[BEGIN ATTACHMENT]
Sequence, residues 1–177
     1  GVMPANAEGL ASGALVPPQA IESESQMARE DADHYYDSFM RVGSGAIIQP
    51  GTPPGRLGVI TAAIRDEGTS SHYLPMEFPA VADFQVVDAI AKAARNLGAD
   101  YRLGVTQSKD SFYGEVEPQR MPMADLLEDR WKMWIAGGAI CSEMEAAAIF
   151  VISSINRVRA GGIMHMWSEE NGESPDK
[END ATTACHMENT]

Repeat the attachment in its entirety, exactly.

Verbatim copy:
Sequence, residues 1–177
     1  GVMPANAEGL ASGALVPPQA IESESQMARE DADHYYDSFM RVGSGAIIQP
    51  GTPPGRLGVI TAAIRDEGTS SHYLPMEFPA VADFQVVDAI AKAARNLGAD
   101  YRLGVTQSKD SFYGEVEPQR MPMADLLEDR WKMWIAGGAI CSEMEAAAIF
   151  VISSINRVRA GGIMHMWSEE NGESPDK